A pilgrimmage

Richard Naco has visited Geelong and Kardinia Park for the first time, and this is what he observed…

 

It was a sensational day, although my wife told me that I looked like death warmed up when she collected me from Sydney airport at 10:15pm (I’d been up since 2:15 am, and had been away for almost 18 hours by that time). I also badly needed a shower by then as well, because I’d dressed for the the predicated cold wet weather instead of the gloriously warm sunny day that had been Geelong’s that day.

Kardinia Park is absolutely the best place to watch footy in my experience. The bond between the players and fans is obvious & very very strong, and I was fortunate enough to blunder on to it from the players’ arriving at the ground (where they willingly mix with all who seek them). A bloke who travels down from Albury for every home game simply described as “community”, and he was spot on. The Cats are just so much more than just a footy club or a (sudder) sports entertainment franchise. The atmosphere in and around the ground was amazing, the sight lines great, and the only downside of the stadium (imo) is the dodgy graphics on the big screen (which I found largely illegible). The infamous lights were not required, even during the inevitable eclipse.

I was rapt with the respect shown to Bruce’s little mate by the crowd, and with Gaz himself for coming out on his own during the fourth quarter of the VFL game and making himself accessible to fans of both clubs in the GA area (mind you, the ground was only 10% full at that time).

It was the first time that I’ve been to any footy game where the number of people in the visiting club’s colours on the paddock outnumbered those in the stands. It was very much a universal navy & white dress code, and the total and utter silence after each of the Suns’ goals was eerie (but also deafeningly articulate). I was also amazed at how the entire crowd in my Bay (beside the Cat’s bench) all seemed to know each other, greeting and farewelling literally everybody by name. It appeared that I was the sole exception, the social pariah (and I don’t really need a logical explanation of the social dynamics).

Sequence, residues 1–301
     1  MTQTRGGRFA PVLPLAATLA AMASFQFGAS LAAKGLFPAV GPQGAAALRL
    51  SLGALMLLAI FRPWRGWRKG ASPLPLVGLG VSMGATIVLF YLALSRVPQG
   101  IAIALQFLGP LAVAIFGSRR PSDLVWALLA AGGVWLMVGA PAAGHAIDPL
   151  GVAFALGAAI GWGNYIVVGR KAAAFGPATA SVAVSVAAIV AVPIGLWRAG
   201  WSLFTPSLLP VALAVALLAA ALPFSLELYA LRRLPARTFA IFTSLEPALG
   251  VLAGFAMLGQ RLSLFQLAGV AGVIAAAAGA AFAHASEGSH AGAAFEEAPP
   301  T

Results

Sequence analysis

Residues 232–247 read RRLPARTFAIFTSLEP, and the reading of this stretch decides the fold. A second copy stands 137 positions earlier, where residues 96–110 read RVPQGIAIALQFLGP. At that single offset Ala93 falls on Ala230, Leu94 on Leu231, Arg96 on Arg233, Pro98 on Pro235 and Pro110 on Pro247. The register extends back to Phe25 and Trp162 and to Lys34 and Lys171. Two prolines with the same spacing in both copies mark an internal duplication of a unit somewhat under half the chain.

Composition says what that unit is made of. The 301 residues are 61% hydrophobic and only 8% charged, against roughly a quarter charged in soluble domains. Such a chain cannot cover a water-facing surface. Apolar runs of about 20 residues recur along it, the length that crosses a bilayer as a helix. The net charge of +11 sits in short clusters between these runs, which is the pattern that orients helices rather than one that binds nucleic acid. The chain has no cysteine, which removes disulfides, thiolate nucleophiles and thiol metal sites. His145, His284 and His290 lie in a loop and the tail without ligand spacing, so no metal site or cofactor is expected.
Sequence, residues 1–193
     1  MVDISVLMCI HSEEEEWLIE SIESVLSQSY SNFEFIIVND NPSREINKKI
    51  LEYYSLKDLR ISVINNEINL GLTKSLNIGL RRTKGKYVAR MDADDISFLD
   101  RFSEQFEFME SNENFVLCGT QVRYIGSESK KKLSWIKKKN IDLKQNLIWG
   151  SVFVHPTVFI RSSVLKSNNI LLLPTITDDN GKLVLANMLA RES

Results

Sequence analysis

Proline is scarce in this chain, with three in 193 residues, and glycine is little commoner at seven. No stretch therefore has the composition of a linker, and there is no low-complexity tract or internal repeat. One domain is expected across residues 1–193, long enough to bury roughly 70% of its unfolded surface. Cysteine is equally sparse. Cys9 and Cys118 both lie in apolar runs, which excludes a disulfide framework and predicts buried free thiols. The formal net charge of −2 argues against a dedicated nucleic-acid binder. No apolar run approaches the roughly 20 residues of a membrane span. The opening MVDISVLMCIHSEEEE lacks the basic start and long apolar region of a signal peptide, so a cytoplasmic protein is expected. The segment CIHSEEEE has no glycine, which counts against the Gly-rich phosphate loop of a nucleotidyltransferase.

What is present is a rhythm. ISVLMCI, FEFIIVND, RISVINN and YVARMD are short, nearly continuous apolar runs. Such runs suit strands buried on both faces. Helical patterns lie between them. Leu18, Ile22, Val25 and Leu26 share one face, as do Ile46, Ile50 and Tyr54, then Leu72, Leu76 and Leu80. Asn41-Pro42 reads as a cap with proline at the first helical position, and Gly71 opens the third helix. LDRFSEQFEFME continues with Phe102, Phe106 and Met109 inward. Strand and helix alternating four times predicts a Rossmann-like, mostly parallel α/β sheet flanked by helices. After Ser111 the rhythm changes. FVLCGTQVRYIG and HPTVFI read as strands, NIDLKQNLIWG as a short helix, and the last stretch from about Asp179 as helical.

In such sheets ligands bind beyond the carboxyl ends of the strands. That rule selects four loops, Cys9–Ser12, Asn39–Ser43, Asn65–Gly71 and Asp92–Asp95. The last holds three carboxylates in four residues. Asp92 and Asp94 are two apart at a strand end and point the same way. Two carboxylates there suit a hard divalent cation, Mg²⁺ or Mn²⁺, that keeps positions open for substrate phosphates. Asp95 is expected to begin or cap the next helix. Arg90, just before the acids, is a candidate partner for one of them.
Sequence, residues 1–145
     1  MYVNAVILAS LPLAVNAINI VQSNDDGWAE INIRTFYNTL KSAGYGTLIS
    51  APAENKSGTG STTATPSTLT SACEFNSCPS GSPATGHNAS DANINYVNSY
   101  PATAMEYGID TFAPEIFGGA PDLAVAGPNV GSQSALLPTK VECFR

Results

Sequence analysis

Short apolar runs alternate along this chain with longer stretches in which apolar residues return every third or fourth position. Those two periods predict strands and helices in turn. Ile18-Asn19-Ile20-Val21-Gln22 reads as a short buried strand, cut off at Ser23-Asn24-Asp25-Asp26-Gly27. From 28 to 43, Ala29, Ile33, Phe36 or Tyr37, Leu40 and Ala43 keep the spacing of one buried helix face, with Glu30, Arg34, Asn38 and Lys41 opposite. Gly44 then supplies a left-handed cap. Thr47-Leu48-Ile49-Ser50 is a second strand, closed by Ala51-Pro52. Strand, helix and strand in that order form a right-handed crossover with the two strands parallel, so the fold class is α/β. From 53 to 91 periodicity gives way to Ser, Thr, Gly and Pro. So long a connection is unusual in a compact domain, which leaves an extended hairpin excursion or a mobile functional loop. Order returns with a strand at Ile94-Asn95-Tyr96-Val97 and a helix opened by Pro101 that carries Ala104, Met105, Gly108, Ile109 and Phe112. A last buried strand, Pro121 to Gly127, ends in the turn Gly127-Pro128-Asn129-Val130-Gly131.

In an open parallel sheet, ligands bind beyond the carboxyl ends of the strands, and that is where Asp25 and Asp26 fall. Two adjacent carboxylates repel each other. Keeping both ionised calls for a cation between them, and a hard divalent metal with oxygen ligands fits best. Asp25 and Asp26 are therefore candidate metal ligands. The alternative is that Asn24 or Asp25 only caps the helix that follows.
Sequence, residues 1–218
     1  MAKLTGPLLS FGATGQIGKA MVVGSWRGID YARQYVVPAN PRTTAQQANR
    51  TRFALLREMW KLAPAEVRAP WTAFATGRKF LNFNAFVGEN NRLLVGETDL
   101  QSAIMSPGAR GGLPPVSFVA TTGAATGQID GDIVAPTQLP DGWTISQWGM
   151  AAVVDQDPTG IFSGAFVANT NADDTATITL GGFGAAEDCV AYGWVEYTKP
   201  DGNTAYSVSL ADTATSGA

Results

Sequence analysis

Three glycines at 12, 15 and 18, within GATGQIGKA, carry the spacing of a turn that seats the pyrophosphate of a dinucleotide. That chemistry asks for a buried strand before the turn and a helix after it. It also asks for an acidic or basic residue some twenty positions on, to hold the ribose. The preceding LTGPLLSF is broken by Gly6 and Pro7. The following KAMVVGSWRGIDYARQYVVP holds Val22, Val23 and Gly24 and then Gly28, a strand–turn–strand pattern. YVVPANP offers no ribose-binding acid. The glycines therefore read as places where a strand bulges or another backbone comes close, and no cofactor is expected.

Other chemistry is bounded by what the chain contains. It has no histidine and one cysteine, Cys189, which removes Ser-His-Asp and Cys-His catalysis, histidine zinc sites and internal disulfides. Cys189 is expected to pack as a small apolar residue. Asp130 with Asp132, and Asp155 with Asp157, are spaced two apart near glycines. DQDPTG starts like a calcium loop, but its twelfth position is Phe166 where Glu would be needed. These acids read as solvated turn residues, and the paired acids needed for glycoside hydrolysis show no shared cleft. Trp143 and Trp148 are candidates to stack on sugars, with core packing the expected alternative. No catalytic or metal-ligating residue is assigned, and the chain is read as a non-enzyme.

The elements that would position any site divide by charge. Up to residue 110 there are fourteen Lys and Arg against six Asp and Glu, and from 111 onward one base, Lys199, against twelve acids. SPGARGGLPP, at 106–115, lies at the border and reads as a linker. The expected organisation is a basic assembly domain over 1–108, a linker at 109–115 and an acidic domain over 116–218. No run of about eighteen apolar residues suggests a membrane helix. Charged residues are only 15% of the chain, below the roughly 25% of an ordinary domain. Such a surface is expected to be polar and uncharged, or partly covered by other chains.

The City of Geelong surprised me. I was expecting something far dowdier & down at heel, but it was quite enchanting & amazingly clean (there was absolutely no litter). The age and heritage of the place is very visible down Moorabool Street (especially), but the older buildings all seemed to be in very good states of repair. There are some very decent places to get food as well, although I couldn’t find an apple cake for love or money (I always have one during visits to Melbourne to the point where my son thinks it’s seriously breaking tradition if I don’t, and they are not available anywhere here in Sydney).

I walked a long way that day, including out and around the inner suburbs, but I spent pretty much the whole day on my lonesome. Funnily enough, while it was only while waiting at Avalon to fly home that I actually got to sahring the passion by talking with a fellow Catter. This bloke was from Sydney as well – a former son of The Pivot – and he had flown down in my flight that morning. There were quite a few Blues’ fans who also did the one day trip, including one who transitted via Avalon rather than Tullamarine. Needless to say, he appeared quite content by the night flight north.

Twelve hours in a place gives me no authority whatsoever to make any judgements on the place or its people, but I would very much like to revisit Geelong for its own sake. Undertaking a future pilgrimage to once more immerse myself in the total Cats’ experience is a given.

 

About Richard Naco

We are Geelong.

Comments

  1. It often takes the perspective of an outsider to remind one of the virtues of home.

    Besides it being the home of the Cats, the thing I like most is that it’s the gateway to a brilliant coastline.

    Other then that, its very low key which I guess is part of its charm.

  2. Mark Doyle says:

    Richard, I am pleased for you that you enjoyed your spiritual experience to the home of the Cats. A best on ground 18 hour performance! Did you step onto the hallowed turf after the game and have a kick of the footy or take a screamer in the manner of Polly Farmer or Gary Ablett snr. or jnr. It is a pity there is not a history museum for visitors like yourself. Most of the history photos are in the Social Club. However, on reading your report, I am wondering if you saw any footy (only joking). What did think of Joel Corey’s first half and younger blokes such as Duncan, Varcoe and Christenson

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